Dr. Armando Caceres, a professor at the Universidad de San Carlos de Guatemala is one of the leading experts on Guatemalan plants (and specifically medicinal plants). He knows so much and loves to share his knowledge. It was incredible to hear him speak at a workshop that I attended. He captivated the crowd and wowed us with the stories that he told about many of the plants on his list. I wish I could tell you everything he shared about these plants or could send you the moment captured in time in which he explained his list, telling stories about the plants’ historical, social, cultural, and botanical significance.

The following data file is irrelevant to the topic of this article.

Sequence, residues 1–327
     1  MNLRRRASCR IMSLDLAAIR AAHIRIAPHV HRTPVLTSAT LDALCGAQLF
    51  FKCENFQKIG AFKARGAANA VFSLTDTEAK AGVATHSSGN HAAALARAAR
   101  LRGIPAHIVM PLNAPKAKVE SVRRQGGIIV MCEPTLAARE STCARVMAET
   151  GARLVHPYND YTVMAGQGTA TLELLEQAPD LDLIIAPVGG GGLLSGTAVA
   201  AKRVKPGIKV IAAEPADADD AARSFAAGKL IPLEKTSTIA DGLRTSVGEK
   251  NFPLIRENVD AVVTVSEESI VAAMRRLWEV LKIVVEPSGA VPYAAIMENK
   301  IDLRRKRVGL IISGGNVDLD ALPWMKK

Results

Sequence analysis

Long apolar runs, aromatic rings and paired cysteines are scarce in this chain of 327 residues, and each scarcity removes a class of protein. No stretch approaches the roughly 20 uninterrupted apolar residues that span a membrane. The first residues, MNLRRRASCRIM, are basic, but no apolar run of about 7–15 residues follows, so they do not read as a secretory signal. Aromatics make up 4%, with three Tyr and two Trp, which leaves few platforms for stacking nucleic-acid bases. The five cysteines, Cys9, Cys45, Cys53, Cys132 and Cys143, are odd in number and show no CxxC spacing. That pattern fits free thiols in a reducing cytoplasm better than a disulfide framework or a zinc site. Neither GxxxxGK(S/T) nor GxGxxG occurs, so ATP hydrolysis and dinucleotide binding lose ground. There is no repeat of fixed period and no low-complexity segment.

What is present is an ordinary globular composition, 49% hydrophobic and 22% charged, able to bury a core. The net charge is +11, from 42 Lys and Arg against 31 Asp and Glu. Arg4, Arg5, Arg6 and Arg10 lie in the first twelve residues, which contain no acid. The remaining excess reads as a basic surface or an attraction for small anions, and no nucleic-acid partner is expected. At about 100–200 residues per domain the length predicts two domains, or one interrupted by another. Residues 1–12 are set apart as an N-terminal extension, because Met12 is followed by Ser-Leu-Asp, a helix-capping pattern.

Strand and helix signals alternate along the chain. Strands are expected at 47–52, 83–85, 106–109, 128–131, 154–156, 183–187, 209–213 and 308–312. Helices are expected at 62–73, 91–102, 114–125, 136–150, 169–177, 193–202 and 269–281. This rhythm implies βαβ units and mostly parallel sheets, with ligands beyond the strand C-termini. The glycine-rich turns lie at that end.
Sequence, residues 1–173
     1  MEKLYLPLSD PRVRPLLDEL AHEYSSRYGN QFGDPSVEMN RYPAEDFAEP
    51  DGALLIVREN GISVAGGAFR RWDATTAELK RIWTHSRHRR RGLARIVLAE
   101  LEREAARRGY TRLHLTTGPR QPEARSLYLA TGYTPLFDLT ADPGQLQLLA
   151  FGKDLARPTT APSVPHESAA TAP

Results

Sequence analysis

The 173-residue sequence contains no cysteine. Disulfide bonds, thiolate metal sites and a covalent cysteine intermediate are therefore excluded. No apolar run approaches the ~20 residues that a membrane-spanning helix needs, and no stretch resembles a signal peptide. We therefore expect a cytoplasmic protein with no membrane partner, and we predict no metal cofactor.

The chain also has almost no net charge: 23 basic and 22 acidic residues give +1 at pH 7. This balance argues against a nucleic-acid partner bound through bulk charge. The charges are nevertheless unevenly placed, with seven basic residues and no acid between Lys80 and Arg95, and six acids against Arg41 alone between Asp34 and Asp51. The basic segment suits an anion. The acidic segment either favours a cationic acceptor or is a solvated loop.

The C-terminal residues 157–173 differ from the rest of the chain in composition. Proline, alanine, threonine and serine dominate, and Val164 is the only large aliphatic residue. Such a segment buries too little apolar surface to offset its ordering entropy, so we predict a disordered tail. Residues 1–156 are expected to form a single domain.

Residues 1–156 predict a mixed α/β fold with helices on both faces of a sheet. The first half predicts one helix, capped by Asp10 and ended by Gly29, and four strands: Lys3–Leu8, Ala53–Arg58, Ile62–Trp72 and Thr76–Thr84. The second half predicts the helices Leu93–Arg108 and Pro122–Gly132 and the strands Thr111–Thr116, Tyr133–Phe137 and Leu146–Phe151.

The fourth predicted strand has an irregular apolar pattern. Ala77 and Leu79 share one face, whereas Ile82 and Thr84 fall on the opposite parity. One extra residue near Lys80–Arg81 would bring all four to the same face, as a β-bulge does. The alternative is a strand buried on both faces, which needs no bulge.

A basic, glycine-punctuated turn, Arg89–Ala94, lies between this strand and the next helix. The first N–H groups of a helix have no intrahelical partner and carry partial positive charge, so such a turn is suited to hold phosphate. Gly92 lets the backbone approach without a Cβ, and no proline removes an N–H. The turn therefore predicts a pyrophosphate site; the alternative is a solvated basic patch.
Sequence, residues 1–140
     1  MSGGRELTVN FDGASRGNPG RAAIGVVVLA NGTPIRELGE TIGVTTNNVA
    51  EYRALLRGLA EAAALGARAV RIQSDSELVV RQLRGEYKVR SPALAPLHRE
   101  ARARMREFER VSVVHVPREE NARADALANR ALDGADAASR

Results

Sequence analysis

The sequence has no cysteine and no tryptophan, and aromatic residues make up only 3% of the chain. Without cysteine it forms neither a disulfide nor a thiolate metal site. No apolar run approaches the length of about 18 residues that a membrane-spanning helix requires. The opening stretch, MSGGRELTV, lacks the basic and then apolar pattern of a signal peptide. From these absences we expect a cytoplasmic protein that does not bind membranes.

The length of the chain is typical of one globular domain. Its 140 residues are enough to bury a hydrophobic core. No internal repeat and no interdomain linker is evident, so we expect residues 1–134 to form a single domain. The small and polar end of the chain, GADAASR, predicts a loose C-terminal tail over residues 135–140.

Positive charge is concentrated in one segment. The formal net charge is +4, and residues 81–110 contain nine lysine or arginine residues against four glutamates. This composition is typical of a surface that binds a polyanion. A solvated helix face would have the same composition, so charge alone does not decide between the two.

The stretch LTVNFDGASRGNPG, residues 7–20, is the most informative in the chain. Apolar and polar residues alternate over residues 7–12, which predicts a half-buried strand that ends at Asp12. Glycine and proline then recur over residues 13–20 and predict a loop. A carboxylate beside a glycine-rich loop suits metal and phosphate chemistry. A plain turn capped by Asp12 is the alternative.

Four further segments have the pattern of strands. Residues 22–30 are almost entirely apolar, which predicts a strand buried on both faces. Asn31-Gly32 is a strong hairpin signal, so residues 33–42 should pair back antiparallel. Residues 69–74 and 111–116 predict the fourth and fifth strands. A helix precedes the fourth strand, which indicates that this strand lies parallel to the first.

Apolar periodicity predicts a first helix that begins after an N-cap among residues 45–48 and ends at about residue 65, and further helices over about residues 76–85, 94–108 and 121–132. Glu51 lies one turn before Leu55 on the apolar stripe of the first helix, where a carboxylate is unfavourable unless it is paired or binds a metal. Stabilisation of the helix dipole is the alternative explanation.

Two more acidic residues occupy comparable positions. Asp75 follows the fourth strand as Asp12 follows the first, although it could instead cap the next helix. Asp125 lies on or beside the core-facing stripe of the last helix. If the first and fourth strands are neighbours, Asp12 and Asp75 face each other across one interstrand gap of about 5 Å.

He very convincingly explained the difference between native and ancestral plants, noting that native plants biologically originated in Guatemala, but may not have historical/cultural value while ancestral plants may or may not have originated in Guatemala, but have deep social Mayan significance. (He explained a very interesting point about plant breeding/domestication here in which though one genetic line of a plant such as amaranth originated in Guatemala but it was domesticated/bred elsewhere, so how can Guatemala claim it as native when the world - including Guatemala - knows, grows, and eats the the non-native genetic line?) It was the ancestral plants that he proposed promoting.